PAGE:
You can get a 7w iCOM IC-V8 pretty cheap off of ebay, you'll get the best range with those.

All and all, its line of sight. VHF will operate better in your open ranges, mountains, etc....But You'll probably want to run UHF (Something like FRS or GMRS) when in a thick urban environment or inside of buildings.

If the sh*t really hits the fan, who cares about the FCC anyways? :). Clearly, during a real emergency you can use all means possible to communicate.
 

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Grab a (Under $100), its VHF/UHF and you can run MURS as well as FRS/GMRS (It is commercially type certified, you'll have to check on GMRS but FRS is just fine according to what i've interpreted...correct me if i'm wrong). It's Close enough to ham radio, you can run up to 50 Watts mobile.
Incoming correction =)

The Wouxun KG-UVD1P is NOT legal for FRS. Detachable antenna alone rules that out. Being frequency agile is another no-no, and I'm not sure if that model is capable of limiting itself to .5 watts, but that is another requirement for FRS radio equipment.

As for MURS, assuming the type-acceptance is correct on it, it is important to keep the power output at 2 watts of below. The second you go above that, it's no longer legal.

Can't say for sure either way on GMRS on that radio. The only thing I am sure of is the license still being necessary. As far as power and antenna requirements, I don't see any reason it wouldn't be legal though. (I too am bracing to be corrected on this one.)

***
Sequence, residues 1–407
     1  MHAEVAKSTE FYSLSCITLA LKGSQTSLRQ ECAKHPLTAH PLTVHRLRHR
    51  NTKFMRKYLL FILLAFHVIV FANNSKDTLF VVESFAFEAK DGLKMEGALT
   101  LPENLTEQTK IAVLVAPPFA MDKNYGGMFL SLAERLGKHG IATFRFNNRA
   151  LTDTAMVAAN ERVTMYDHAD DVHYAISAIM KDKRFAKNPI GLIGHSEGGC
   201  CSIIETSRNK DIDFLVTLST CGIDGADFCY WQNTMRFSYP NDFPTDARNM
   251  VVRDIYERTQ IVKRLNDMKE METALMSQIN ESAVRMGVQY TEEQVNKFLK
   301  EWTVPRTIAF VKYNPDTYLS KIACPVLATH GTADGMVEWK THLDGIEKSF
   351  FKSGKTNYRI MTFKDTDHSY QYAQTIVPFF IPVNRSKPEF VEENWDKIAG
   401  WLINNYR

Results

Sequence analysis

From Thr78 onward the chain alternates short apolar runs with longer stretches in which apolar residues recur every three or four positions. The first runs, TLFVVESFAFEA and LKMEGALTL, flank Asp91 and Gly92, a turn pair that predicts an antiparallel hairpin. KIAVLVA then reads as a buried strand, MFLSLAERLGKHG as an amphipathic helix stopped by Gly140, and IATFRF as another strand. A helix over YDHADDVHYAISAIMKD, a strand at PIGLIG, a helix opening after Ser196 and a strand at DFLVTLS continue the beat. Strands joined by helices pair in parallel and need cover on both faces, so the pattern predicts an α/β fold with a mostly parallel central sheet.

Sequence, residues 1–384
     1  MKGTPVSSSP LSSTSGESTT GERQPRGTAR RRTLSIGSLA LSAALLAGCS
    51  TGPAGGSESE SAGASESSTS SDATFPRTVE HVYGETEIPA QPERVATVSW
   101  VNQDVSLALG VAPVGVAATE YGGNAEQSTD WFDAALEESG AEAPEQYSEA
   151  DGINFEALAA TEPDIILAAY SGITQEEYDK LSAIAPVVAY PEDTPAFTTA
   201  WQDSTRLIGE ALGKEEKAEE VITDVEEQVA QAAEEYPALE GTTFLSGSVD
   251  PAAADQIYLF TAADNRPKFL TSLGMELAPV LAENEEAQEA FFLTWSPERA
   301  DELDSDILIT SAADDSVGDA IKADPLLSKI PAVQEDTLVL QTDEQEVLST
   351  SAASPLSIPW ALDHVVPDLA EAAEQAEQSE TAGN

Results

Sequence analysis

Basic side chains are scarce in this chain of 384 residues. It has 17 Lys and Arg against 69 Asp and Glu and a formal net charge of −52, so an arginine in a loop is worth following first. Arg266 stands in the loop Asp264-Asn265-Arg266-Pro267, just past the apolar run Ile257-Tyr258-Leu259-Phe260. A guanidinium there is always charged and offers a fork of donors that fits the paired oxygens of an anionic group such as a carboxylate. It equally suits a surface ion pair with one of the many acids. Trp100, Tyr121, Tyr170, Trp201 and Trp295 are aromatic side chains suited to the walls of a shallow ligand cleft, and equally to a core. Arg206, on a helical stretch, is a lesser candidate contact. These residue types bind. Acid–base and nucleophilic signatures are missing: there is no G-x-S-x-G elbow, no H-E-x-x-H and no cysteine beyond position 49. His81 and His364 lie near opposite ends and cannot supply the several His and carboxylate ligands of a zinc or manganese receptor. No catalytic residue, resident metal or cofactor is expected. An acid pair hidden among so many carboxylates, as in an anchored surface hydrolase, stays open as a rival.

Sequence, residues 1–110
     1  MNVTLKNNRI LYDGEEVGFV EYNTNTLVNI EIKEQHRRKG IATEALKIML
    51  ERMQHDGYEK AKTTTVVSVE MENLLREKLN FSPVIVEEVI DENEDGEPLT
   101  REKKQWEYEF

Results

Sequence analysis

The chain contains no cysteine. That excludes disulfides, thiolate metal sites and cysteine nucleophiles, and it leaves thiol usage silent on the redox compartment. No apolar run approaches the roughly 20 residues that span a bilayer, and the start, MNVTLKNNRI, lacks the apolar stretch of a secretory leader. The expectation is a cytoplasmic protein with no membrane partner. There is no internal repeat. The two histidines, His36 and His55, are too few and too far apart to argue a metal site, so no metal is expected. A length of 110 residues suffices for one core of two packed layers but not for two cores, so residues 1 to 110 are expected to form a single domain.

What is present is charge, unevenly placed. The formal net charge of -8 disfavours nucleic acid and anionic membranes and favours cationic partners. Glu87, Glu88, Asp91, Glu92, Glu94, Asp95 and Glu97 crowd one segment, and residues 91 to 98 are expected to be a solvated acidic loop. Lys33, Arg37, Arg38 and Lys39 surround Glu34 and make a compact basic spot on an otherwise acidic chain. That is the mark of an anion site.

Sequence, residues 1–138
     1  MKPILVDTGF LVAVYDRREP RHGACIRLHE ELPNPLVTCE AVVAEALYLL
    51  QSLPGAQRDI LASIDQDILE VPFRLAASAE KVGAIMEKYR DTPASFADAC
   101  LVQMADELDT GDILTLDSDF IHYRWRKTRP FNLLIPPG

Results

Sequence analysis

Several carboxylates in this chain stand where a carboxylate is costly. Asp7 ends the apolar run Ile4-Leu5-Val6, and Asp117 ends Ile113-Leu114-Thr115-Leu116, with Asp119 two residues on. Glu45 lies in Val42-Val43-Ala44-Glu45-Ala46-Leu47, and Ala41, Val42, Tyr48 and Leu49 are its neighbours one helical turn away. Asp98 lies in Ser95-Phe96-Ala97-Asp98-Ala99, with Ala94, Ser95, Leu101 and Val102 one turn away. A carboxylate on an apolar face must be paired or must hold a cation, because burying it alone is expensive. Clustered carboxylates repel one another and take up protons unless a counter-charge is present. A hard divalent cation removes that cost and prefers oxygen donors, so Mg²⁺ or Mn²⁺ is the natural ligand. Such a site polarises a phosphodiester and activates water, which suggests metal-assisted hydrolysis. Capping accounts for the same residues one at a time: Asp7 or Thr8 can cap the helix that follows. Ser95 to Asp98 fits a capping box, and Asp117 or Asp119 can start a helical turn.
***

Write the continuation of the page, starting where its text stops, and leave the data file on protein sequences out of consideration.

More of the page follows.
As for the OPs needs/requirements, this is about as close as you can get to being affordable and having the capability to reach out. With GMRS, it might be possible with a good antenna replacement (but you're looking at the $85 recurring license cost every five years.) With ham frequencies and the right antenna, again, plausible, but with only a 1-time $15 cost to take the test and get licensed, with free renewals thereafter.

Regardless, going to Cabela's, Bass Pro, Wal-Mart, Target, Costco, etc. and picking up ANY FRS/GMRS-type radio will NOT meet the requirement of reliable 5-mile communication, with or without the GMRS license, in anything less than ideal line-of-sight conditions.
 

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Survivus most anythingus
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Discussion Starter · #9 ·
For the record, I would love to have the disposable income to become a HAM, but it just isn't there.

Also for the record, I don't mind spending the $85.00 for a five year FCC license for GMRS. I'm not one of these flakes that protests everything the government does. I do believe the airwaves should be "free" but when it comes right down to it, without the FCC involvement in communications, for all of their faults, we probably wouldn't be able to listen to a damned thing for the interference issues, etc.

That having been said, no, I don't think the FCC is going to be hunting people down at the end of the world for using some piece of equipment that would normally require a license. However, I don't really believe in having lifesaving gear that I cannot test out until whatever event happens, that's just stupid. It's like going out and purchasing a pump shotgun for self-defense and then never firing it and keeping it for the rainy day of a home invasion robbery or something. So, if I can't use the communications legally before X-event, they are totally worthless to me.